Injury rates and profiles of elite competitive weightlifters

J Athl Train. 1999 Jul;34(3):232-8.


Objective: To determine injury types, natures, anatomical locations, recommended amount of time missed, and injury rates during weightlifting training.

Design and setting: We collected and analyzed medical injury records of resident athletes and during numerous training camps to generate an injury profile.

Subjects: Elite US male weightlifters who were injured during training at the United States Olympic Training Centers.

Measurements: United States Olympic Training Center weightlifting injury reports from a 6-year period were analyzed. Data were expressed as percentages and were analyzed via x(2) tests.

Results: The back (primarily low back), knees, and shoulders accounted for the most significant number of injuries (64.8%). The types of injuries most prevalent in this study were strains and tendinitis (68.9%). Injuries of acute (59.6%) or chronic (30.4%) nature were significantly more common than recurrent injuries and complications. The recommended number of training days missed for most injuries was 1 day or fewer (90.5%). Injuries to the back primarily consisted of strains (74.6%). Most knee injuries were tendinitis (85.0%). The majority of shoulder injuries were classified as strains (54.6%). Rates of acute and recurring injuries were calculated to be 3.3 injuries/1000 hours of weightlifting exposure.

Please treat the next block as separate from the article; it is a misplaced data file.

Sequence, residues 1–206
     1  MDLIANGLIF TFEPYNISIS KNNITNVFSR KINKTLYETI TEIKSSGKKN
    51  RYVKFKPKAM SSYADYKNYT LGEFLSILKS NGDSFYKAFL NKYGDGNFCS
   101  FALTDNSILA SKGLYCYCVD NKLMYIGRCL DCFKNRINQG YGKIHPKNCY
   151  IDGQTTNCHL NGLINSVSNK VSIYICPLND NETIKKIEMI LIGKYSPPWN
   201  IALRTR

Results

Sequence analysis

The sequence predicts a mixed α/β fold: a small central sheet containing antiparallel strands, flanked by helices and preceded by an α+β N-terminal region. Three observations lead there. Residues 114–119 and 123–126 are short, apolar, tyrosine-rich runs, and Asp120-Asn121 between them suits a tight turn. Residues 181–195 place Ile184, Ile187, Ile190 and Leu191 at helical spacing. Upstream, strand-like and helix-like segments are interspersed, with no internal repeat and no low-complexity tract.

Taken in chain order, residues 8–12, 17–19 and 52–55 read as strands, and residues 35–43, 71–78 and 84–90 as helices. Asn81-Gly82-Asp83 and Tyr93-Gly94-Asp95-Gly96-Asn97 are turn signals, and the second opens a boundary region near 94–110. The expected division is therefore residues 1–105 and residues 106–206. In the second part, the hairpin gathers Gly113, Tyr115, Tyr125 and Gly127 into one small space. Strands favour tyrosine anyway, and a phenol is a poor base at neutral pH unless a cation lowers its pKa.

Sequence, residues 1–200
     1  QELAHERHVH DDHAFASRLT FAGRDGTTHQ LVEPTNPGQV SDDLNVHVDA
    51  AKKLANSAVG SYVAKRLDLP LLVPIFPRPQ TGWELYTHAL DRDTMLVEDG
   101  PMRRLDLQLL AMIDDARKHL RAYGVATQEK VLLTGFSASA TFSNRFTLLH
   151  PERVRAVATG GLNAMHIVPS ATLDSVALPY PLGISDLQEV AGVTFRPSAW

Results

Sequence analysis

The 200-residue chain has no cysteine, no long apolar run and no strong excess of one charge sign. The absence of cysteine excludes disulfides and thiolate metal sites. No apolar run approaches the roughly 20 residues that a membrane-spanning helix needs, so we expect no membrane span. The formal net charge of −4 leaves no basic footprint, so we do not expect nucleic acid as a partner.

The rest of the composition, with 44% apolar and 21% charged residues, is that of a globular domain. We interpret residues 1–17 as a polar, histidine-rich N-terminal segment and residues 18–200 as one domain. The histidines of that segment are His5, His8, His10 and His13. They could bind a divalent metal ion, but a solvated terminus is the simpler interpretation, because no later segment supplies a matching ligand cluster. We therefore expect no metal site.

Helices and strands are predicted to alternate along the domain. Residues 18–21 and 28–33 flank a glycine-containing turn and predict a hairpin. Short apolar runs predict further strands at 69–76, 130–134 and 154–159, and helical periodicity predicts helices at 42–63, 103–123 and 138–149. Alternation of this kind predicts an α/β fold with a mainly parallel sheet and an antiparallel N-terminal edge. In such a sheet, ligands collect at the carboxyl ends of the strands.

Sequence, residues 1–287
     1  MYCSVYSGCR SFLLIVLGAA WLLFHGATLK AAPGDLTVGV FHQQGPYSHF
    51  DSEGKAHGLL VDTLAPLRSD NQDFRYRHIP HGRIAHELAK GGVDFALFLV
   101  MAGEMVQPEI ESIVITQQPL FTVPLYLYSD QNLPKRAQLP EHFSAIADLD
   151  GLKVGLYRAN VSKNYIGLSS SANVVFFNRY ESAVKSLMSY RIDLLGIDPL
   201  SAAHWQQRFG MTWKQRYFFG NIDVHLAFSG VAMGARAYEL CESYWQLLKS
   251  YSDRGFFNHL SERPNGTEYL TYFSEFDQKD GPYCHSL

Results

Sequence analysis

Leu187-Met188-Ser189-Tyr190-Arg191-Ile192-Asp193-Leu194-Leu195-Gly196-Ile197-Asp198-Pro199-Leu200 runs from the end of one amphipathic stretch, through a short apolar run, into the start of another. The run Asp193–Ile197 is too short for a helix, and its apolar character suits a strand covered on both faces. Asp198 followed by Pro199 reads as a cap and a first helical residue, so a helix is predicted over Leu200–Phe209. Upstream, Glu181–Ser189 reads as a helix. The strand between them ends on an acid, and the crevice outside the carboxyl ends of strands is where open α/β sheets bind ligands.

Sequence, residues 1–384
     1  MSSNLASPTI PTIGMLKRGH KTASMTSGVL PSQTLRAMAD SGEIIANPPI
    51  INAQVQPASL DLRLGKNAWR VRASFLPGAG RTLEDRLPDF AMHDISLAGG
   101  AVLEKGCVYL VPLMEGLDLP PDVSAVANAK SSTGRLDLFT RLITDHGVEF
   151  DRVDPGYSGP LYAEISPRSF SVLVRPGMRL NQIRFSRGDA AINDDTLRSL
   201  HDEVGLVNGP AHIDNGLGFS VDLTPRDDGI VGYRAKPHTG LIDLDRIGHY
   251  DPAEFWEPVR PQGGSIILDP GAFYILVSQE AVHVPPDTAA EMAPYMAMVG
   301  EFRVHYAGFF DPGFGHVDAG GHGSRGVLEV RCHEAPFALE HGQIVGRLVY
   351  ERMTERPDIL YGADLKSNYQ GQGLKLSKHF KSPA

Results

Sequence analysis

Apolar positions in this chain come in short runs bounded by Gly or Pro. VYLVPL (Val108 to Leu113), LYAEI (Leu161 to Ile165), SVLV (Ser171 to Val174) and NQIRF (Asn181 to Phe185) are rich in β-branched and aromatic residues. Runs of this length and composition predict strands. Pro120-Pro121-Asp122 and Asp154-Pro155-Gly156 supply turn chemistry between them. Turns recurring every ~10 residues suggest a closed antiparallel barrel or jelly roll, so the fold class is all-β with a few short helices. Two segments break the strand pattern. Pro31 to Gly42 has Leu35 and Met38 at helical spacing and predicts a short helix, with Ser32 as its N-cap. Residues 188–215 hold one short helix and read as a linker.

Conclusions: The injuries typical of elite weightlifters are primarily overuse injuries, not traumatic injuries compromising joint integrity. These injury pattems and rates are similar to those reported for other sports and activities.